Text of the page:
In contrast, data from the Current Population Survey show that in 2004, only 28 percent of full-time workers reported they had flexible work hours that allowed them to vary or make changes in the time they began and ended work, as shown in Table 1. Flexibility was more common for part-time workers (39 percent). Box 1 below discusses the differences in reported prevalence of flexible work arrangements between the Current Population Survey and the National Study of Employers.17
    17 Current Population Survey, May 2004; Bond, Galinsky, and Sakai (2008).


    One important reason for the difference between the two surveys is that in the employer-based surveys, employers report that they provide flexibility for “some” or “most” workers but do not otherwise indicate the prevalence. If many employers only provide a benefit to a minority of their workers, the percent of workers with a benefit will be smaller than the percent of firms offering the same benefit. In addition, there may be a difference between an organization’s policies and their implementation. The National Study of Employers attempted to address this issue by asking if the organization “allows employees to…” or “provides the following benefits or programs…” rather than if it has “written policies.” However, if workers are unaware that their managers would be willing to implement such practices or are unaware of such policies, they will report less availability of such arrangements than will their employers. Second, the National Study of Employers is a survey of employers in which the respondent is an organization rather than an individual. As a result, the data describe the benefits provided by a typical employer rather than those to a typical employee. Given that, by definition, larger employers represent more workers than do smaller firms, statistics about the average employer may not be representative of the experiences of the average worker. Finally, the data on workers are from 2004 while those from the employers are from 2007 and the prevalence of such practices may have grown in the interim. That said, data from the 2005 National Study of Employers reveals patterns of workplace flexibility that are broadly similar to the results presented in the 2008 Study.

    Table 1 shows other differences in reported workplace flexibility by worker characteristics. While one might expect that working women are more likely to report having a flexible schedule given family responsibilities, in fact, the data suggest that in 2004 men were slightly more likely to report having such flexibility than were women. In contrast, differences across racial or ethnic status and educational attainment were somewhat larger. Whites and Asians were more likely to report having workplace flexibility compared to Blacks and Hispanics.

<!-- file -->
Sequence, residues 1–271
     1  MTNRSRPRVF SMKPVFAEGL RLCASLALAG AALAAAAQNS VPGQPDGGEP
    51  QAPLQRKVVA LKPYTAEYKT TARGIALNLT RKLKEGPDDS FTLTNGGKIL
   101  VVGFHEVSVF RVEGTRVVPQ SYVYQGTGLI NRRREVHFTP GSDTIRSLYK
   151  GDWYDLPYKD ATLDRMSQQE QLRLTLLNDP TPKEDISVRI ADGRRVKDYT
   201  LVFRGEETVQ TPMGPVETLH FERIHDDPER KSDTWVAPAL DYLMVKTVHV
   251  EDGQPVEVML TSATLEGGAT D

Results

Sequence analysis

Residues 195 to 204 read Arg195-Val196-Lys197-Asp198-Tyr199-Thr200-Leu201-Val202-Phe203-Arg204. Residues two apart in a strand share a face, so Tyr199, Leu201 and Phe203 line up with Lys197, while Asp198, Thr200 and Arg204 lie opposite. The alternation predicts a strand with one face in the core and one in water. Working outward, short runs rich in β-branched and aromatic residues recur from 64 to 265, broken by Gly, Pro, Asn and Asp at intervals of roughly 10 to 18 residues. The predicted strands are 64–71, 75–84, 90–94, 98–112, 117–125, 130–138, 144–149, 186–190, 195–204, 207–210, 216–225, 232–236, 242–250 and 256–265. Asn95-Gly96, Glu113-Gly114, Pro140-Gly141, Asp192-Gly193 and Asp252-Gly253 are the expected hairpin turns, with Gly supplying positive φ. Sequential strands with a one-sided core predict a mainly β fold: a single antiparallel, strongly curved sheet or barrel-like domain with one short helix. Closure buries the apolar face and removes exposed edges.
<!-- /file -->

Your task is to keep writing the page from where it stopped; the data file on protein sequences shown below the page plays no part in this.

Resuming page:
In addition, these data reveal substantial differences in the prevalence of flexible schedules by educational attainment. Workers with a bachelor’s degree or higher were more than twice as likely to report having flexible work arrangements as were those with less than a high school diploma.18 Economists have focused on two explanations for this pattern. First, as discussed in the next section, flexibility is a form of compensation. Just as more educated workers enjoy higher earnings and are more likely to have benefits such as employer-sponsored health care, they are also compensated with more flexibility. In addition, one study suggests that the nature and context of low-wage jobs—such as the need for around-the-clock coverage—may make giving flexibility to some low-wage workers more costly.19 To explore this issue more fully, Figure 3 shows the relationship between the percent of full-time workers in an occupation that have flexible schedules and the percent that do not have a high school degree. Occupations such as management and business and sales that have a high degree of flexibility also have a low percentage of workers with less than a high school degree; workers in occupations with a low degree of flexibility, such as construction, also tend to have a high percent of workers with less than a high school degree.

    18 The Current Population Survey also shows that workers in lower-income households report lower levels of flexibility.
    19 Corporate Voices for Working Families (2006).

    The CPS data also reveal substantial cross-industry differences in the flexibility of scheduling. As shown in Figure 4, only about one-quarter of full-time workers in manufacturing reported having the flexibility to change their working hours in 2004, compared to about 40 percent of workers in the financial activities and professional and business services industries. These differences may reflect the potential difficulties that manufacturing companies have in adopting policies and practices that result in a more flexible workplace, a point further discussed at the end of this section.

    Flexibility in the Place of Work

    Many jobs require an individual to be physically present at the worksite. For example, teachers, sales clerks, and assembly-line workers cannot fulfill many of their obligations from an off-site location. Managers and members of teams may need face-to-face contact. For other workers, however, a substantial fraction of their work could, in principle, be conducted from home or a satellite office. One study estimated that in 2000 more than half of all jobs were amenable to telecommuting, at least on a part-time basis,20 and undoubtedly that fraction has increased since then as a result of the spread of high-speed internet and mobile technology.21